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I have the following piece of code. I am reading from csv and am parsing its contents to a list:

import csv
finput = input.reader(open(path,'rb'),delimiter=',',quotechar='|')
print finput[0]

the output is:

['"1239"', '"2249.00"', '"1"', '"3"', '"2011-02-20"']

Now I want to just extract the 1239 number... the first element so print finput[0][0] gives "1239". Now if I convert this to an integer:

el = int(finput[0][0])

I get this error:

ValueError: invalid literal for int() with base 10: '"1239"'

Why does it have those double quotes?

What is a clean way to extract the integer 1239?

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2 Answers 2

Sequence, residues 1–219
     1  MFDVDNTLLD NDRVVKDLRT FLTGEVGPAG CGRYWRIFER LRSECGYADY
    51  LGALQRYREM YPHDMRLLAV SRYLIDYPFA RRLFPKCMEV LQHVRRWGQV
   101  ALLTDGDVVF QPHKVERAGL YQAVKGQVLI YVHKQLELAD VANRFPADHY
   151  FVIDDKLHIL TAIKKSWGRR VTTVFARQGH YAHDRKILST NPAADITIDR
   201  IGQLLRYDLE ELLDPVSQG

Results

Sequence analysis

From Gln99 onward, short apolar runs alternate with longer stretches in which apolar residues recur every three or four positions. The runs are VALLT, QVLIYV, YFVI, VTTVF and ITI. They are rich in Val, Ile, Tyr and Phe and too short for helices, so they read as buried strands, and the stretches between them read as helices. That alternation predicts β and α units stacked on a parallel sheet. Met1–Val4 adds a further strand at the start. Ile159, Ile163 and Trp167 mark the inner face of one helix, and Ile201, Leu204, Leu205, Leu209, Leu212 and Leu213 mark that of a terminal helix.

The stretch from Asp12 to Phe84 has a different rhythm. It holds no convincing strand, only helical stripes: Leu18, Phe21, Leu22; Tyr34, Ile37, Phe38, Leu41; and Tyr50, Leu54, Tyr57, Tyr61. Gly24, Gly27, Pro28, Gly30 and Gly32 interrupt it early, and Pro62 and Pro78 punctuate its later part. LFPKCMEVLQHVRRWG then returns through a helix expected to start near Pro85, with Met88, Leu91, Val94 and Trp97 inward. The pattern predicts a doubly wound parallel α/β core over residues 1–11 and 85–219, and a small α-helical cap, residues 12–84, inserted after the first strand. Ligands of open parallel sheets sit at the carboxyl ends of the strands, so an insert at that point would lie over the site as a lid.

In brief:

int(finput[0][0].strip('"'))

But why have you set quotechar to |? Are you sure it shouldn't be " instead? With it set to ", you should get strings without the quotes.

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Indeed, remove the delimiter and quotechar and csv will take care of unquoting itself. –  bobince Oct 25 '11 at 22:20

Use strip().

el = int(finput[0][0].strip('"'))

>>> a = '"1234"'
>>> a
'"1234"'
>>> a.strip('"')
'1234'
>>> int(a.strip('"'))
1234

The documentation for strip() is as follows:

Return a copy of the string with leading and trailing characters removed. If chars is omitted or None, whitespace characters are removed. If given and not None, chars must be a string; the characters in the string will be stripped from the both ends of the string this method is called on.

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Thanks.. for the prompt reply –  Fraz Oct 25 '11 at 22:13

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